Apple aficionados are lining up again this morning as the company's newest tablet goes on sale.
The new iPad as it's officially called - Apple has refrained from calling it iPad 3 - will be available starting at 8 a.m. local time at Apple Inc's almost two dozen Canadian stores. It has faster chips, fourth-generation wireless, a crisper display and a better camera, making it harder for competitors like Samsung's Galaxy, which also lack Apple's range of apps and content, to catch up.
Other retailers, including Future Shop, are also planning to open early to cater to the lines of Apple fans desperate to get their hands on the new tech toy.
The cheapest WiFi-only model goes for $519, while the most expensive version, which can access mobile networks and has 64 gigabytes of storage, sells for $849.
Those who can't find one of the new iPads in stores today may have to wait a while to buy one.
Apple says online orders cannot be filled for another two or three weeks.
The newest iPad was looking like another hot seller in Asia and Europe, with hundreds queueing at stores to get their hands on a gadget likely to dominate the tablet-computer market well into next year.
"I just got hyped into it, I guess," said David Tarasenko, a 34-year-old construction manager who was the first to pick one up from a Telstra store at midnight in Sydney.
Daniel Bader, a software developer who builds iPad apps and was queuing outside the Apple store in Munich, said: "You can't explain it."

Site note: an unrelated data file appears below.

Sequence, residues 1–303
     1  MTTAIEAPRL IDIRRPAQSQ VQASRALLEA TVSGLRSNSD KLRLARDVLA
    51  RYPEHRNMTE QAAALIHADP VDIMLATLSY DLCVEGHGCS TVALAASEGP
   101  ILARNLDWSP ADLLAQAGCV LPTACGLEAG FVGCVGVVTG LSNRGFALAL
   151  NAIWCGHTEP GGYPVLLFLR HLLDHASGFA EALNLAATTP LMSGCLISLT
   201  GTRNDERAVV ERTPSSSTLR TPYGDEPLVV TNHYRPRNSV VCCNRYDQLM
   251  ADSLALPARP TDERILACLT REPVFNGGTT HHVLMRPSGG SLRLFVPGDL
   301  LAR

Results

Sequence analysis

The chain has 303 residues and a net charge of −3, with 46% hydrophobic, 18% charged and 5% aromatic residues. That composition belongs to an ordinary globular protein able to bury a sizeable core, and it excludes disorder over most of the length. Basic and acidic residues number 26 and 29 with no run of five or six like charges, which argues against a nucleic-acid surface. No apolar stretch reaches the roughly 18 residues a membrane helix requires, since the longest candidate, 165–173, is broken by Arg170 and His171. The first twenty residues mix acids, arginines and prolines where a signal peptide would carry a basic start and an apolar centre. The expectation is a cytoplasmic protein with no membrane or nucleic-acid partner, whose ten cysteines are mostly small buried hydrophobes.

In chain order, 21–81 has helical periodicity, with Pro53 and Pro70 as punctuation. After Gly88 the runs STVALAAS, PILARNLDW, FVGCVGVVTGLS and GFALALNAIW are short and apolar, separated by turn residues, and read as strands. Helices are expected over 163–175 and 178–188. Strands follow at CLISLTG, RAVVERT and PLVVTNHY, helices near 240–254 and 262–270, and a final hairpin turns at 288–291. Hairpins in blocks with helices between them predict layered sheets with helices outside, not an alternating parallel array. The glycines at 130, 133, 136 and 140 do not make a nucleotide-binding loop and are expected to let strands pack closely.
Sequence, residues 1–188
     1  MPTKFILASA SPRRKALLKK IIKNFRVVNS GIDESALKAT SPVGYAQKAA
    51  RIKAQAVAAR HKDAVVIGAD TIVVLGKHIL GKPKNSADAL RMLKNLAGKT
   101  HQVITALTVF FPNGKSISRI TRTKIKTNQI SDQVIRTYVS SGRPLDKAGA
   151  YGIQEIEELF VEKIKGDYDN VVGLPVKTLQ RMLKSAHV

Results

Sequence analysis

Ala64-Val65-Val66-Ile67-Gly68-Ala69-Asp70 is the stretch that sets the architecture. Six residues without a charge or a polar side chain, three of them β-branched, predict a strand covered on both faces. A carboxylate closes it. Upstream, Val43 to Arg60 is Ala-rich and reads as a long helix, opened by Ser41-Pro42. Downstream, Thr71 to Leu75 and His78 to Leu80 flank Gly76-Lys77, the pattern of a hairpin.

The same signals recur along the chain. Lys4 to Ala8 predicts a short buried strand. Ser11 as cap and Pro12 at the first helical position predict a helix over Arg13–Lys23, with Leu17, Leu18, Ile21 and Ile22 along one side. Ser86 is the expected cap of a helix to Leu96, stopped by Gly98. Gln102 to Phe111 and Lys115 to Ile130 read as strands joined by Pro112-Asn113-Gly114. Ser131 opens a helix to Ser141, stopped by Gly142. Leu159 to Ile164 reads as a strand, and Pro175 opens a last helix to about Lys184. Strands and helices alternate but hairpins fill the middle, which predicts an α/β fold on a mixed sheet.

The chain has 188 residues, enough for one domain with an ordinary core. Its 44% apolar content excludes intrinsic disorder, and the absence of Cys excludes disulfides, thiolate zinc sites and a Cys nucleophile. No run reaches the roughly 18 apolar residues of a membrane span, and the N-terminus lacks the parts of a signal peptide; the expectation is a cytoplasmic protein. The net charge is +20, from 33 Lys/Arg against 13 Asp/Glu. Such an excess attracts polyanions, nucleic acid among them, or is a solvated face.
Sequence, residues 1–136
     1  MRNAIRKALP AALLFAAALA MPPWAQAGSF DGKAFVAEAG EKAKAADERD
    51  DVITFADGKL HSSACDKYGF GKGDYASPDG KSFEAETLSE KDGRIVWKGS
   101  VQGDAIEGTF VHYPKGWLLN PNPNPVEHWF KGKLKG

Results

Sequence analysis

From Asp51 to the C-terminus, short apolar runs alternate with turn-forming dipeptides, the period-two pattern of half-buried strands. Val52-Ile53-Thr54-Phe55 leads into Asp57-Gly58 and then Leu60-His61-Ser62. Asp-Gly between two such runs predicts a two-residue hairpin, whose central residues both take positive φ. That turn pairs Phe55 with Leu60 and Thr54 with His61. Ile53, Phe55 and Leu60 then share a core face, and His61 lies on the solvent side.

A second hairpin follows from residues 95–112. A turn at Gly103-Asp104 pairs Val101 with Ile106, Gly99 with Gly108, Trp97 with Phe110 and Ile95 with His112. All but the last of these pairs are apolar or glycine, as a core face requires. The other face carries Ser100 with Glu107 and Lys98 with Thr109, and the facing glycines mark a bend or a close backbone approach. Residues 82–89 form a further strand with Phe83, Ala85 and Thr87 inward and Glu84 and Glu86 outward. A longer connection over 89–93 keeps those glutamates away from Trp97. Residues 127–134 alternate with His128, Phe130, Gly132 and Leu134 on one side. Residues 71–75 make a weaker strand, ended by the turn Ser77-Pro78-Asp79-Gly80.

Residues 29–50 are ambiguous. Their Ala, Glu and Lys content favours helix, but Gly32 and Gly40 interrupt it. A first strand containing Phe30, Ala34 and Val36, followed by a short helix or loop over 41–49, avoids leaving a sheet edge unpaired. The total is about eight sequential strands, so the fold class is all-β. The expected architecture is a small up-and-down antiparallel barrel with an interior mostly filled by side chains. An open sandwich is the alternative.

Even in a tough economic climate in some parts of the world, many buyers, like 27-year-old Steve Henry in Paris, said they would scrimp elsewhere if necessary.
"I save money on my other purchases for high-tech shopping," said Henry, a systems engineer at a railway company who was hoping to buy his first iPad mainly to watch films and read during his more than two hours of travel per day.
Analysts expect a strong start for the latest iPad and some even expect sales of the current model to overtake the iPad 2. So far, the company has sold 55 million iPads since it was launched, kicking off the tablet market, in 2010.
Apple will continue to sell the iPad 2 but has dropped its price by $100 to start at $399.
Tablet sales are expected to increase to 326 million by 2015 with Apple largely dominating the market, according to research firm Gartner, rivalling sales of desktop computers, which Gartner expects to total 368 million units this year.
The enduring popularity of Apple products, and stock, have provided Chief Executive Tim Cook, who took over after the death of Steve Jobs last year, with a good start in the job.
The share price peaked at just over $600 half an hour after the first iPad went on sale, extending the market worth of the world's most valuable company to almost $560 billion.
Only a month earlier, the stock price had crossed $500 for the first time. It has jumped 45 percent this year.
Canaccord Genuity analysts raised their target price on Apple stock to $710 from $665. Dickie Chang, an analyst with technology research firm IDC, said Cook will need to do more in future to keep up the firm's astonishing momentum.
"The iPad is already a pretty mature product and it's hard to revolutionize it any further," he said.
"Going ahead, with Tim Cook at the helm now, I think he may have to come up with another product to mark his stamp. That could come in the form of launching a smaller iPad with a longer battery life, for instance."
UBS raised its target price to $675 from $550, and said the expected launch of the redesigned iPhone 5 in October was the big catalyst ahead.
With files from Reuters